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The storage and release of water from a large glacier-dammed lake; Russell Lake near Yakutat, Alaska, 1986

Open-File Report 86-545

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Abstract

In May 1986, the entrance to Russell Fiord, Alaska, was blocked by the advancing Hubbard Glacier, forming a 34-mile long ice-dammed lake. Runoff to the lake, mainly runoff from melting snow and glacier ice, filled the lake to an elevation of 83 feet above sea level by October 8, when the ice dam failed. The lake level rose at an average rate of 0.6 ft/day, and average daily inflow to the lake was calculated to be 16,500 cu ft/sec. After failure of the ice dam, the water level fell to the former high tide level of Russell Fiord within 24 hours. Average discharge through the breach in the ice dam during a 4-hr period of maximum water level decline is estimated to have been 3.8 million cu ft/sec. The formation and breakout of the lake is expected to be repeated as the Hubbard Glacier continues to advance, though the timing of the phenomenon cannot be predicted with certainty. (USGS)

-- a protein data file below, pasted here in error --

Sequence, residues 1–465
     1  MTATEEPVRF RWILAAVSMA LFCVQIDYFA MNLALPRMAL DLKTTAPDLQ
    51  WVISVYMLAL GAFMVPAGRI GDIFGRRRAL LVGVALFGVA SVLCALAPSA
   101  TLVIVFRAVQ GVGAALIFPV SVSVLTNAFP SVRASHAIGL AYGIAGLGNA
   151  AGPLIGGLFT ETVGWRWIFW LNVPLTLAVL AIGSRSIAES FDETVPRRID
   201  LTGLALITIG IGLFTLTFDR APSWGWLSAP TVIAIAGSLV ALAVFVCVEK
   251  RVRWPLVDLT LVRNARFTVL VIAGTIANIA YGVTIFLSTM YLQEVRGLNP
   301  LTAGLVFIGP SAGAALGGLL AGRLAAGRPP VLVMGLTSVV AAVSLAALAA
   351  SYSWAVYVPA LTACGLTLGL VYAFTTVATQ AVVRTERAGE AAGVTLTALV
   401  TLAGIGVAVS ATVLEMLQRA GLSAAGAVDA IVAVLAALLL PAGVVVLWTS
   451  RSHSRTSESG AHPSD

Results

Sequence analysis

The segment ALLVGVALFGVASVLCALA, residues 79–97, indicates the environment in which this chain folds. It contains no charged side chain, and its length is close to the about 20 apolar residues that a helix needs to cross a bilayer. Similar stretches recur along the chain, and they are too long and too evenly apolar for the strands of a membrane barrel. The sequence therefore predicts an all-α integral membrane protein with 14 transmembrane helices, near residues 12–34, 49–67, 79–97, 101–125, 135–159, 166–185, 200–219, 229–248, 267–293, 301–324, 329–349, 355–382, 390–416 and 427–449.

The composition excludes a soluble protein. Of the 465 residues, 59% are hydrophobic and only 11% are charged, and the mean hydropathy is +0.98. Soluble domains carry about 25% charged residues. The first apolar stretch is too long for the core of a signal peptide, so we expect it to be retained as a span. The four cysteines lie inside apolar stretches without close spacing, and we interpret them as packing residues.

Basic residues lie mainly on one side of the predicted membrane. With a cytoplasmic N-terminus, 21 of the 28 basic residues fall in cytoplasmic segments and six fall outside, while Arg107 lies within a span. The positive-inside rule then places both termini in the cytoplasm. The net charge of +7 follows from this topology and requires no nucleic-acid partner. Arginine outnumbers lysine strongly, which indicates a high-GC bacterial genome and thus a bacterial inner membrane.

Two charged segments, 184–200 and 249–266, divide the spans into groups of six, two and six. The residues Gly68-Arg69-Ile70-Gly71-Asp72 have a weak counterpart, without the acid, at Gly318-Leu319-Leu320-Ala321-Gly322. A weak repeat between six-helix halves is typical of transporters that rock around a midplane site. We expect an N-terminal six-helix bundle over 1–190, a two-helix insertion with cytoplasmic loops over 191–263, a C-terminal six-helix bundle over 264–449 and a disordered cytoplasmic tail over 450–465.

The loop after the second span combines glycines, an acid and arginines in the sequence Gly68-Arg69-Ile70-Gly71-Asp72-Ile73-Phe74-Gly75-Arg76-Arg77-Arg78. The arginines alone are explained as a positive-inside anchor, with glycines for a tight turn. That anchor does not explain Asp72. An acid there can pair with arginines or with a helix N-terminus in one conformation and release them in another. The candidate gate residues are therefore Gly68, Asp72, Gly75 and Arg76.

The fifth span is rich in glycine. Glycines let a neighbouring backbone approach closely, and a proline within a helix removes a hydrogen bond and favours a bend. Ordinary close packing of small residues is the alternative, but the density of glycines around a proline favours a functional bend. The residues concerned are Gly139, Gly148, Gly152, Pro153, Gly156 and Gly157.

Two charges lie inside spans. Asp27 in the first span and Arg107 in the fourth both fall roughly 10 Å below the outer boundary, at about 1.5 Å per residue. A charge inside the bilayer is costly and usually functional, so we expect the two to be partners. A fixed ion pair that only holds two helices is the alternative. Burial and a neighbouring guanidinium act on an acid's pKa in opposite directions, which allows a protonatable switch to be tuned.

Additional Publication Details

Publication type:
Report
Publication Subtype:
USGS Numbered Series
Title:
The storage and release of water from a large glacier-dammed lake; Russell Lake near Yakutat, Alaska, 1986
Series title:
Open-File Report
Series number:
86-545
Edition:
-
Year Published:
1986
Language:
ENGLISH
Publisher:
U.S. Geological Survey,
Description:
iv, 10 p. :ill., maps ;28 cm.